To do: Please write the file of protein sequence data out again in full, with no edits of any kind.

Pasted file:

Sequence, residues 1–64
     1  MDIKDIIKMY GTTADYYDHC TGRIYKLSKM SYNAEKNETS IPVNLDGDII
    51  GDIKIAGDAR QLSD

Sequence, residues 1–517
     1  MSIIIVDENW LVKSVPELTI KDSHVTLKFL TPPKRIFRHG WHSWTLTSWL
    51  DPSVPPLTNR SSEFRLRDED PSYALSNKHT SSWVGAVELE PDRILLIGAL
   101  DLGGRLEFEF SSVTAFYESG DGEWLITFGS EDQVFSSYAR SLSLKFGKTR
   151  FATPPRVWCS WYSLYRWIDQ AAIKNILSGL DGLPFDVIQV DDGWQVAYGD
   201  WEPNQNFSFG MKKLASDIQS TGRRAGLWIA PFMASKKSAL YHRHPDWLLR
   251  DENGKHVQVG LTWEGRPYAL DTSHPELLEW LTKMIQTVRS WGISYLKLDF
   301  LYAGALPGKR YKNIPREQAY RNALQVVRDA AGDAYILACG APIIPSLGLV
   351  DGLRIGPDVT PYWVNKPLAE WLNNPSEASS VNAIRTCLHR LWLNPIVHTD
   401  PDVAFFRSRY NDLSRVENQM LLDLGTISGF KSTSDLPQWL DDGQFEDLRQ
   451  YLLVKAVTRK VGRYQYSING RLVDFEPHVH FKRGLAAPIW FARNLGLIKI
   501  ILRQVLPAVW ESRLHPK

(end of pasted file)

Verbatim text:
Sequence, residues 1–64
     1  MDIKDIIKMY GTTADYYDHC TGRIYKLSKM SYNAEKNETS IPVNLDGDII
    51  GDIKIAGDAR QLSD

Sequence, residues 1–517
     1  MSIIIVDENW LVKSVPELTI KDSHVTLKFL TPPKRIFRHG WHSWTLTSWL
    51  DPSVPPLTNR SSEFRLRDED PSYALSNKHT SSWVGAVELE PDRILLIGAL
   101  DLGGRLEFEF SSVTAFYESG DGEWLITFGS EDQVFSSYAR SLSLKFGKTR
   151  FATPPRVWCS WYSLYRWIDQ AAIKNILSGL DGLPFDVIQV DDGWQVAYGD
   201  WEPNQNFSFG MKKLASDIQS TGRRAGLWIA PFMASKKSAL YHRHPDWLLR
   251  DENGKHVQVG LTWEGRPYAL DTSHPELLEW LTKMIQTVRS WGISYLKLDF
   301  LYAGALPGKR YKNIPREQAY RNALQVVRDA AGDAYILACG APIIPSLGLV
   351  DGLRIGPDVT PYWVNKPLAE WLNNPSEASS VNAIRTCLHR LWLNPIVHTD
   401  PDVAFFRSRY NDLSRVENQM LLDLGTISGF KSTSDLPQWL DDGQFEDLRQ
   451  YLLVKAVTRK VGRYQYSING RLVDFEPHVH FKRGLAAPIW FARNLGLIKI
   501  ILRQVLPAVW ESRLHPK